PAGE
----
Nine-month-old Milagros Cerron is examinated by doctor Luis Rubio at a hospital in Lima before surgery
Pilar Olivares  /  Reuters
Milagros Cerron is one of only a small number of children born with sirenomelia, or "mermaid syndrome," to have lived more than a few hours, experts say.
updated 2/4/2005 1:10:13 PM ET 2005-02-04T18:10:13

A Peruvian medical team is preparing for pioneering surgery to separate the fused legs of a 9-month-old girl born with a rare condition known as sirenomelia, or “mermaid syndrome.”

Milagros Cerron, who has fused legs but separated feet, is one of very few people in the world with the condition, doctors say.

A team of doctors will attempt to free her legs from each other on Feb. 24. at one of Lima’s charity hospitals for the poor, said lead surgeon Luis Rubio on Thursday.

“This is a child that has her own personality,” he said in an interview with the Associated Press. “Her relation to her surroundings is good. She babbles words. She is enchanting and is a wonderful joy.”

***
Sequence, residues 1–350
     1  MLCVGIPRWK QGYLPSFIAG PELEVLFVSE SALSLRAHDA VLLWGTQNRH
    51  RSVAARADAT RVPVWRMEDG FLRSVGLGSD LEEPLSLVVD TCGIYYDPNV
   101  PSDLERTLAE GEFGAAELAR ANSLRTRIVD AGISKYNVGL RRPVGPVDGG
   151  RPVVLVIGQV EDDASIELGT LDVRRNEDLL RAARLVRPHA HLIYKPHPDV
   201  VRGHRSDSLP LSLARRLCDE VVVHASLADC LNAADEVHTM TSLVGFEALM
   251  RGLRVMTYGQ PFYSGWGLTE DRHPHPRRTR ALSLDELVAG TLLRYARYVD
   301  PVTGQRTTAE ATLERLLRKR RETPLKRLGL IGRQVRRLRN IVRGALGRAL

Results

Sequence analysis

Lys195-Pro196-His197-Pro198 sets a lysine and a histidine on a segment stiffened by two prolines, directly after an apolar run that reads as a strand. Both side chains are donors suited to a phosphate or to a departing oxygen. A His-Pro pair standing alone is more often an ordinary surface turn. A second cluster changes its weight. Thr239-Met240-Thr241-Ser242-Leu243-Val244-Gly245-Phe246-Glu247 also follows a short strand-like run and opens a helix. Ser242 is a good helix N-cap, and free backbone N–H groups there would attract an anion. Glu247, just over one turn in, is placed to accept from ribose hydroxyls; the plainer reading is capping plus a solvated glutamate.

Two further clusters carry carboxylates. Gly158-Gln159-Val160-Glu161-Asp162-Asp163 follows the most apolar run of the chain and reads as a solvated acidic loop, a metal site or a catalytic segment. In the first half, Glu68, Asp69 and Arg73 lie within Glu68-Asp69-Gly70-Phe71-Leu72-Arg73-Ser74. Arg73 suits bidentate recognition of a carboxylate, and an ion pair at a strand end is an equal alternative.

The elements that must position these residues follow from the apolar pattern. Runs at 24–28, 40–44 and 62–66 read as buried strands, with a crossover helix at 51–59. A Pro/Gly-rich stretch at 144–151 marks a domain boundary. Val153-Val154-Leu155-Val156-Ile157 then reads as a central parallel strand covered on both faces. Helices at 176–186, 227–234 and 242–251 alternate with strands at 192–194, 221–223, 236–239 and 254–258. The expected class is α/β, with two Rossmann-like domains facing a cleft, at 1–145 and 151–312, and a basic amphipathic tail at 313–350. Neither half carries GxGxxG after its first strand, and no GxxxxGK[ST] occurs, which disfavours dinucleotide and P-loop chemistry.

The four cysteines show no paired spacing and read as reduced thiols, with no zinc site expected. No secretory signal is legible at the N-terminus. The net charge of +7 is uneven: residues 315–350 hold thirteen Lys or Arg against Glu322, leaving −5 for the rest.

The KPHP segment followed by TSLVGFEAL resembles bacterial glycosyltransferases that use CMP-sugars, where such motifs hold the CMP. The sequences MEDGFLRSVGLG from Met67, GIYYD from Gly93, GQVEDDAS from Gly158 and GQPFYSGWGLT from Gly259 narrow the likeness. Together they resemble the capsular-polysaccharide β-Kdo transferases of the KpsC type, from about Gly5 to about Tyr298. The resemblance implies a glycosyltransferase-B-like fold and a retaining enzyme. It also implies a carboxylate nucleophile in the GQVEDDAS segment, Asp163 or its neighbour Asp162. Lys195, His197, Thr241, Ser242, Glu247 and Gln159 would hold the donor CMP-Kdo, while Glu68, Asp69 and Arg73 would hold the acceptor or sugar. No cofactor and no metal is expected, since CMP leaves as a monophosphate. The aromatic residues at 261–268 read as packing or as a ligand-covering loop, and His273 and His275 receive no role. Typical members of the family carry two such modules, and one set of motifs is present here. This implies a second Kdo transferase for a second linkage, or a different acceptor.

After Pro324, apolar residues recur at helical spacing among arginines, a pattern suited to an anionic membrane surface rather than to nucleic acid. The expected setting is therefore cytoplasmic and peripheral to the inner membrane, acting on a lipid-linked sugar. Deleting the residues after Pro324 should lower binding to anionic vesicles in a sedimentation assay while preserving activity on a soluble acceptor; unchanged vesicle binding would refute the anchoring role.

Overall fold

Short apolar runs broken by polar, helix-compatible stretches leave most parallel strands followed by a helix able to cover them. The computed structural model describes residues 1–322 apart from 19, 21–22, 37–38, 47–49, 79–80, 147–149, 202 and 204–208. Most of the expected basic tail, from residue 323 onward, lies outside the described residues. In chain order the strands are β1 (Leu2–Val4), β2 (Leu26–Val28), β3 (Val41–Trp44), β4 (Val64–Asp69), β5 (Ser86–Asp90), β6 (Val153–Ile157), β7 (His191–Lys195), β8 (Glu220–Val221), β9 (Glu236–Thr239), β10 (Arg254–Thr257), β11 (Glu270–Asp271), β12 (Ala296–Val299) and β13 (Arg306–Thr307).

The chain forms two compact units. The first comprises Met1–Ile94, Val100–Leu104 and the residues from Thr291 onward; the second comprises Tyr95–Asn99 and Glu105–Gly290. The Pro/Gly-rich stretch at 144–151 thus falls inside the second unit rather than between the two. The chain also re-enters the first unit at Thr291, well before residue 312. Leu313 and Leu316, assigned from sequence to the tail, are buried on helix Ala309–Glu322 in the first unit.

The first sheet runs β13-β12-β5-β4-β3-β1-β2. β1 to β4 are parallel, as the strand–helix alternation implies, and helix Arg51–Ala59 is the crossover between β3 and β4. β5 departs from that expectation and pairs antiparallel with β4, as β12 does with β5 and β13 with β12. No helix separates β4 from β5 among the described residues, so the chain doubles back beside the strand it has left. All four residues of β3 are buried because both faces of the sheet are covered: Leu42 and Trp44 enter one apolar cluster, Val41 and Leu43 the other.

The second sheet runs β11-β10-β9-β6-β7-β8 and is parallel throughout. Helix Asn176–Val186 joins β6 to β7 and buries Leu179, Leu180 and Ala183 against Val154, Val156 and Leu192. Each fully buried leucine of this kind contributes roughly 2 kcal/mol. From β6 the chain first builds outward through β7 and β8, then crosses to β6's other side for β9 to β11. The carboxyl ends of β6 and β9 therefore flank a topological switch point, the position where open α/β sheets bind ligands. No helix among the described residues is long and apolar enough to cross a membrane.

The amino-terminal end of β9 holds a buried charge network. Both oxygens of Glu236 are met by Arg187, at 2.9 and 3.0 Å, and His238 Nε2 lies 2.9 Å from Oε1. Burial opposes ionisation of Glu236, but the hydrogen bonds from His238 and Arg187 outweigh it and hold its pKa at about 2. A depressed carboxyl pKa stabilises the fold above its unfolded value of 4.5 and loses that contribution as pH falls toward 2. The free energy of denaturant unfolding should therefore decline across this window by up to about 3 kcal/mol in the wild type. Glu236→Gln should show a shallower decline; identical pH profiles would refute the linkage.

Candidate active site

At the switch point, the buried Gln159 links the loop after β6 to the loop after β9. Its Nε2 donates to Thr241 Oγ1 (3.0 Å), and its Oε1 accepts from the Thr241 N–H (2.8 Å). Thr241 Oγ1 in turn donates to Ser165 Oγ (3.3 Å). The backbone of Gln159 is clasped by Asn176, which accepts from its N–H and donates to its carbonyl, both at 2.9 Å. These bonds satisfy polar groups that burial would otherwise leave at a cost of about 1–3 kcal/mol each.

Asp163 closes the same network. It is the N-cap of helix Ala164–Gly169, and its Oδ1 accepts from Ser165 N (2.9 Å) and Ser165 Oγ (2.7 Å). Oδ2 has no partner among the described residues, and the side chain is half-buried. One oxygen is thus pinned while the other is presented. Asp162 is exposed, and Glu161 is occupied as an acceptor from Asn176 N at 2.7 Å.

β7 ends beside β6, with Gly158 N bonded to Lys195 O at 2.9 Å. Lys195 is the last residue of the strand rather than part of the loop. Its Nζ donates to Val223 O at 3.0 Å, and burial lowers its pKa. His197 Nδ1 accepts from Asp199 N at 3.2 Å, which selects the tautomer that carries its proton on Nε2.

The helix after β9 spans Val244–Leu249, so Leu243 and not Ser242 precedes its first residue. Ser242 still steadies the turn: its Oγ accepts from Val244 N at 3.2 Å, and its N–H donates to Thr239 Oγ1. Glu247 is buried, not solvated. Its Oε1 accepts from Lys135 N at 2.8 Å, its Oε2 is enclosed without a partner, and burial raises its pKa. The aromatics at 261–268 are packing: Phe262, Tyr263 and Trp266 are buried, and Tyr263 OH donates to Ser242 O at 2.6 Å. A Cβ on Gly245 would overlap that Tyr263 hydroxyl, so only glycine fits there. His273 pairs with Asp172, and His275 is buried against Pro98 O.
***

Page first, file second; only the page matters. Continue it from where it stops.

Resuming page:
Future operations needed
The girl was born in the mountain city of Huancayo, 125 miles east of the capital, Lima. Almost none of the children born with this condition survives more than several days because of defects to their internal organs, Rubio said.

Although most of Milagros’ internal organs are fine she has just one kidney. None of her major organs will be part of the operation, Rubio said.

Rubio said the operation is expected to take five hours and will be performed by a team that includes trauma surgeons, plastic surgeons, cardiovascular surgeons, neurologists, gynecologists and a pediatricians.

The child will need future operations to properly rotate her feet forward and to reconstruct her genitalia, Rubio said.

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